March 06, 2016 - 4:30 PM
WINNIPEG - Author, Indigenous rights activist and now star political candidate Wab Kinew is facing questions on the Manitoba election campaign trail about lyrics he wrote and performed that are demeaning to women and gays and lesbians.
Kinew has apologized repeatedly and without reservation over the last two years, but some political opponents, as well as some on social media, say the 34-year-old's transformation is very recent and came soon before his entry into the political arena.
"To be clear, I apologize fully for these lyrics, accept responsibility for them and am committed to helping bring about the societal change necessary to end misogyny, address gender based discrimination," Kinew wrote on Facebook on the weekend.
"I have been called to account by my wife, my sister, my mother and other friends and colleagues for my own biases. I have heard these truths and concluded that I need to change my behaviour to be a more positive influence on the world around me."
Kinew is running for the governing NDP in the Fort Rouge constituency in Winnipeg. While the NDP has plummeted in opinion polls since raising the provincial sales tax in 2013, Fort Rouge has been a party stronghold, represented recently by former finance minister Jennifer Howard who is not seeking re-election in the April 19 vote.
Last week, the NDP criticized Jamie Hall, a Liberal candidate in another constituency who posted several social media messages in which he used terms such as "whore" or "skank" to refer to women. The Liberals dropped Hall, but also pointed to Kinew's many uses of similar language in his music career that stretched into his very early 30's.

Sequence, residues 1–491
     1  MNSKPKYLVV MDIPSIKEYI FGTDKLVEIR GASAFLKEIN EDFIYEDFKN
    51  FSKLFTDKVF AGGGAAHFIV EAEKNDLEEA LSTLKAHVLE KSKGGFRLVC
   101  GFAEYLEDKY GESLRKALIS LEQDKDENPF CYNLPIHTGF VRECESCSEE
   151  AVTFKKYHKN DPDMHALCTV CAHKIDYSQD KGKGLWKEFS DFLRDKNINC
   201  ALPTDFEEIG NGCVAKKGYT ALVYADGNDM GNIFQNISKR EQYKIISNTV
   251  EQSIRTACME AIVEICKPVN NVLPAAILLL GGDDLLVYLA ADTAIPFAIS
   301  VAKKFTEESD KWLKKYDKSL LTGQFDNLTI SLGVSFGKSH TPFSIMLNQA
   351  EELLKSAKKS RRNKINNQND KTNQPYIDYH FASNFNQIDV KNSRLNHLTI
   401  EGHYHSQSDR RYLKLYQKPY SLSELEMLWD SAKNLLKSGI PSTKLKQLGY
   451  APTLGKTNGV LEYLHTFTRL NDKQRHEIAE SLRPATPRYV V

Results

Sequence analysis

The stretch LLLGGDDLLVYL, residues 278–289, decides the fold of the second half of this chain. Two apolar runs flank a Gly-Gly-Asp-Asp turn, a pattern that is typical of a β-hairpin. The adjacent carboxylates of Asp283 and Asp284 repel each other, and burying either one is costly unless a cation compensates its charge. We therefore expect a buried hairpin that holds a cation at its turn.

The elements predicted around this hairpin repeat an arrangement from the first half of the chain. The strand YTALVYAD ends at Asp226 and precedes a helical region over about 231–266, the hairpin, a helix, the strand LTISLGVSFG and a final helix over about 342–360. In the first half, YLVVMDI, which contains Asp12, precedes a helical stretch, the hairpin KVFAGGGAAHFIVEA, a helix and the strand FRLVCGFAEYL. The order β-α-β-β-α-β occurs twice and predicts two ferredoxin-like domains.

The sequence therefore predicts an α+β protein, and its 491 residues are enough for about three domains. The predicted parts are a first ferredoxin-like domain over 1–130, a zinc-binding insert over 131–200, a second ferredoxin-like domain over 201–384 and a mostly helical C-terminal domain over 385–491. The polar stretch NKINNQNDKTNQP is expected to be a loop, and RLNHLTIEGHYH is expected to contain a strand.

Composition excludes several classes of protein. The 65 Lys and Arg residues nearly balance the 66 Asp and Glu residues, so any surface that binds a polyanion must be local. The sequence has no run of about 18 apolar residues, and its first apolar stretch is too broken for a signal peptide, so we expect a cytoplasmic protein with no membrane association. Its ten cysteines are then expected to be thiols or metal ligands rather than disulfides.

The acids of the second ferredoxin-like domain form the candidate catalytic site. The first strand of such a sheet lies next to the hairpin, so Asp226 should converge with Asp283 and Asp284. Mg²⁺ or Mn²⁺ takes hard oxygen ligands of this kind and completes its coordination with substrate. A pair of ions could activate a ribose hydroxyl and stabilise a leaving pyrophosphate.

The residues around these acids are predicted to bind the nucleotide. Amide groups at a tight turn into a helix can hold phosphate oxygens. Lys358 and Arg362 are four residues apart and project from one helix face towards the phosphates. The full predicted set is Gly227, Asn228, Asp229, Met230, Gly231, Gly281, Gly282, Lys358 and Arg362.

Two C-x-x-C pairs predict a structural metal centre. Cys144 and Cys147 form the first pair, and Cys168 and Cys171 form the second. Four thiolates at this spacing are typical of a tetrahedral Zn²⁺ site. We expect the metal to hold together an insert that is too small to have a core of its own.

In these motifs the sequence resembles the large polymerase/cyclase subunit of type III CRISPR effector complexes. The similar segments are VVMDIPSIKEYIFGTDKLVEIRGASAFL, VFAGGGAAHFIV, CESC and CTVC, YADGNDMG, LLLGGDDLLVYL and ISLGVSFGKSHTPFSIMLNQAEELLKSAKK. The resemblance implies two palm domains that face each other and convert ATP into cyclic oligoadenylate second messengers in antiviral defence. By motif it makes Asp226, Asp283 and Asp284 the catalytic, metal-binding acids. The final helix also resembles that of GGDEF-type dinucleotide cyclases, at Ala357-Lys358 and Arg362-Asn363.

In one song when he was in a rap group called Dead Indians, Kinew talked of slapping female genitalia and used a slur for gay men.
In songs both with the Dead Indians and his later solo career, Kinew repeatedly used derogatory words for women and their body parts. In a 2009 recording, he talked of sexual conquests, chasing skirts and of having made "panties drop."
Kinew's turnaround appears to have come sometime around 2014. He apologized for his lyrics at an aboriginal music awards ceremony that year, and called on other hip-hop musicians to do the same. He apologized again in his 2015 memoir "The Reason You Walk," and has apologized twice more in recent days.
NDP Health Minister Sharon Blady, who lashed out at the Liberals over their former candidate's offensive language, said she accepted Kinew's apology and pointed to his actions in recent years, such as fighting for an inquiry into missing and murdered aboriginal women.
Kinew has generally received positive feedback on social media, although some people have questioned whether his apology was part of a strategy to clean his image before entering politics.
Kinew is running against Liberal Leader Rana Bokhari and Progressive Conservative Audrey Gordon for the Fort Rouge seat, and the NDP have high hopes that he will keep the seat orange and prevent Bokhari, a political rookie, from gaining a legislature seat.
An opinion poll done by Strategic Communications, commissioned by the New Democrats, suggests Kinew is a strong contender, although it has a wide margin of error.
The poll, obtained by The Canadian Press Sunday, suggests Kinew has 33 per cent support in the constituency, compared to 23 per cent for Gordon and 15.5 per cent for Bokhari. Fifteen per cent were undecided and 13 per cent said they would support another party or independent candidate.
The random automated telephone survey involved 293 respondents in Fort Rouge last Thursday — just as the debate over Kinew's lyrics took shape, and is considered accurate to within plus or minus 5.7 per cent, 19 times out of 20.
The Liberals said Sunday they had yet to do polling of their own in Fort Rouge, but were getting positive feedback on the doorstep.
"There's still a lot of people that are identifying as undecided. But typically, when they say they're undecided, the last thing they say is 'But not the NDP'," said Liberal spokesman Mike Brown.
News from © The Canadian Press, 2016